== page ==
Papaya bacterial crown rot, papaya bacterial decline, papaya bacterial stem canker
Pacific Pests, Pathogens & Weeds
Papaya crown rot (172)
Photo 2. Cankers on the stem of a papaya showing water-soaked margins caused by crown rot, Erwinia papayae.
Photo 3. Cankers on a papaya stem that have dried out, and no longer have water soaked margins, caused by crown rot, Erwinia papayae.
The disease has been reported from the Caribbean, present with limited distribution in South America (Venezuela), and present in Indonesia, Malaysia, the Philippines, in Southeast Asia. It is recorded in Northern Mariana Islands, Fiji, and Tonga.
Papaya; however, the bacterium has been recovered from the surface of leaves of cowpea, tomato and rockmelon and also from the weed, Chromolaena.
Dark green, 'water soaked' - as if water has been injected into the stems - spots and patches occur on the young tender stems, and spread rapidly, developing into foul-smelling wet rots which often join together forming large cankers (Photos 1-3). Rots in the crown kill the growing point, or the top of the stem falls off where the cankers develop (Photos 4&5). On the leaves, brown, angular patches of rot occur (Photos 6-8), and long oval spots occur on the petioles (the leaf stalks) causing them to break, and the leaves to wilt and die. On the fruit, water-soaked spots, which later become firm and sunken, may reach the seed cavity (Photo 9).
If dry times occur, infections on the leaves become brown patches which tear, giving the leaves a ragged look.
Spread occurs locally in wind-driven rain and over longer distances on seed. Spread by snails is a possibility. The bacterium does not survive for long in decaying stems and leaves, but can survive for long periods in stem cankers, and inside infected vascular tissues of the stem. It does not survive for more than 2 weeks in the soil.
In wet tropical locations, bacterial crown rot is considered one of the most important diseases of papaya (Photo 10). In the 1960s, the disease decimated papaya production in the West Indies, and more recently it has done considerable harm to some 800 ha of plantations in Malaysia. An outbreak occurred in Tonga in 2009 which was said to be highly destructive.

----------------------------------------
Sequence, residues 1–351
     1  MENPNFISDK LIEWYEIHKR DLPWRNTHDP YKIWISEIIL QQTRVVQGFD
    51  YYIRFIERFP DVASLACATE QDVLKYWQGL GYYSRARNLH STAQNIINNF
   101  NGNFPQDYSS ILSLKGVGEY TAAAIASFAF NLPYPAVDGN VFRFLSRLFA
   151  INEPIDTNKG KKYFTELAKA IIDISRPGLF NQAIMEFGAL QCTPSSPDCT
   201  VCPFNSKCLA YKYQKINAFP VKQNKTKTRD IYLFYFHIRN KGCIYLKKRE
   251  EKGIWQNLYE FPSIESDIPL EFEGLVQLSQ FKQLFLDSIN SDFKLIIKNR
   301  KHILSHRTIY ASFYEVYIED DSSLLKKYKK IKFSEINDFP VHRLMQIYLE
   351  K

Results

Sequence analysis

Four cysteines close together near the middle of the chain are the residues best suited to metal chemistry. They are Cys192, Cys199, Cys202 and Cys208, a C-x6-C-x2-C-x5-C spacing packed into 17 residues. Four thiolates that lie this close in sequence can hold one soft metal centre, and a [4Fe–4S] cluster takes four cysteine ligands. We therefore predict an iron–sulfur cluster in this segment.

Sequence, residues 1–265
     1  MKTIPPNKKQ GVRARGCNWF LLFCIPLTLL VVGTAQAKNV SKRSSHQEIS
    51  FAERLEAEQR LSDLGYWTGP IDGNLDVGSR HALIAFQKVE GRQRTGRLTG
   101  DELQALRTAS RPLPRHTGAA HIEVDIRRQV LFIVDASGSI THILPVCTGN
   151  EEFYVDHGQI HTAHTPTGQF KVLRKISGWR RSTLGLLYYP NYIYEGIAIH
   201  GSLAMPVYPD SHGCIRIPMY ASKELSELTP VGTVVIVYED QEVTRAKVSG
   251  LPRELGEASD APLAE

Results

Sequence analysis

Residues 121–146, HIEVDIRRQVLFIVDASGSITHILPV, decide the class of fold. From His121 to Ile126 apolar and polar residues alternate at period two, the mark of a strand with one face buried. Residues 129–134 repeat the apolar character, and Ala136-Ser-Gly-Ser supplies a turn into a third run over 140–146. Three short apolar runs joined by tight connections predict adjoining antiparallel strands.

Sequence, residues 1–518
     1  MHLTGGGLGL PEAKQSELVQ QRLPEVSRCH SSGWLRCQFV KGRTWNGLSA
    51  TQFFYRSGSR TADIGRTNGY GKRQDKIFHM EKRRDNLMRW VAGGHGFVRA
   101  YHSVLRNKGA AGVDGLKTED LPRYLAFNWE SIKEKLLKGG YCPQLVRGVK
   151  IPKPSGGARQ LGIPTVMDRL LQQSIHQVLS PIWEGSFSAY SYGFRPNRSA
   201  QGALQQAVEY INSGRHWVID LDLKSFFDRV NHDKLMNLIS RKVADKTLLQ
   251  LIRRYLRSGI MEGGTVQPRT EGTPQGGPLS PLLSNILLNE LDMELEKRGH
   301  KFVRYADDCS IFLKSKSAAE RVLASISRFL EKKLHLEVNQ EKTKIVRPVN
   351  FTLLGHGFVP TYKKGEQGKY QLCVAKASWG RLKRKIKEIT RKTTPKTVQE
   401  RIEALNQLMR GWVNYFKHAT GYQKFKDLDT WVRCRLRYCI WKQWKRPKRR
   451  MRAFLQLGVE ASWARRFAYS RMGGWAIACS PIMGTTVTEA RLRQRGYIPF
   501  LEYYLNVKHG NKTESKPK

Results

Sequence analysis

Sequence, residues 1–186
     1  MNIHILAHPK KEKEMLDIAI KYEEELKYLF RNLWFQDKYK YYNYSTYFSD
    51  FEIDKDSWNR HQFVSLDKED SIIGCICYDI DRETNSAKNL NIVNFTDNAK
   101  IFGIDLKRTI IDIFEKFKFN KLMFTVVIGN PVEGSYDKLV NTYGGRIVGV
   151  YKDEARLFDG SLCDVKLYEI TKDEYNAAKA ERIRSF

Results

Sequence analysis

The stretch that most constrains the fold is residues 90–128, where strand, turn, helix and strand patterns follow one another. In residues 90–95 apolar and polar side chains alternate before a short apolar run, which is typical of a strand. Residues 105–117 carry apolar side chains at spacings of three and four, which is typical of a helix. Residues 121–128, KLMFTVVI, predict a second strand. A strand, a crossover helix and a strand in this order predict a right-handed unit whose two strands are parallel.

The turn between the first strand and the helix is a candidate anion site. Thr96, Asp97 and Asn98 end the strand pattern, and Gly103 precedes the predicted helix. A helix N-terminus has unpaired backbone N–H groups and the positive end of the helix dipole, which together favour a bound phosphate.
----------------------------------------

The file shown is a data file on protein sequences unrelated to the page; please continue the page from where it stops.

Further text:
Look for water-soaked spots on the stems, spreading and developing into large foul-smelling rots causing the shoot to collapse or the top of the stem to fall off. Look for angular spreading water-soaked patches of rot on the leaves, and spots on the fruit which become sunken and firm, and may reach the seeds.
The outbreak in Tonga is said to have been associated with the introduction of varieties for evaluation, which suggests the bacterium can be seedborne. Countries need to ensure that imported seed is certified free from contamination by this bacterium, and grown under post-entry surveillance in closed quarantine. Authorities in Australia recommend a hot water treatment for seed of 50°C for 20 minutes.
- Treat seed with hot water as above if there is any chance that it is contaminated with Erwinia papayae.
- Bury any remains of the crop in the soil within the plantation. The bacterium remains alive for only 2 weeks in the soil.
Papaya varieties differ in tolerance to bacterial crown rot. In the Philippines, selections from among the Philpack Solo canning variety showed resistance; in the Northern Mariana Islands resistance has been found in tests with varieties Saipan Red, Dwarf Solo No. 7355, Waimanolo Solo, and among local varieties; and, in Guadeloupe, crosses between local and Solo varieties showed tolerance.
Copper sprays have not been effective in the Caribbean, but copper hydroxide is used in the Philippines.
When using a pesticide, always wear protective clothing and follow the instructions on the product label, such as dosage, timing of application, and pre-harvest interval. Recommendations will vary with the crop and system of cultivation. Expert advice on the most appropriate pesticide to use should always be sought from local agricultural authorities.
AUTHOR Grahame Jackson
Information (and Photos 1-10) from Threat specific contingency plan: Bacterial crown rot, Erwinia papayae (2011). (https://www.planthealthaustralia.com.au/wp-content/uploads/2013/03/Bacterial-crown-rot-CP.pdf). Plant Health Australia; and Fullerton RA et al. (2011) First record of bacterial crown rot of papaya (Carica papaya) caused by an Erwinia papayae-like bacterium in the Kingdom of Tonga. Plant Disease 95: 70; and from Plant Health Australia (undated) Bacterial crown rot. (https://www.planthealthaustralia.com.au/wp-content/uploads/2018/02/Bacterial-crown-rot-FS.pdf).
Produced with support from the Australian Centre for International Agricultural Research under project PC/2010/090: Strengthening integrated crop management research in the Pacific Islands in support of sustainable intensification of high-value crop production, implemented by the University of Queensland and the Secretariat of the Pacific Community.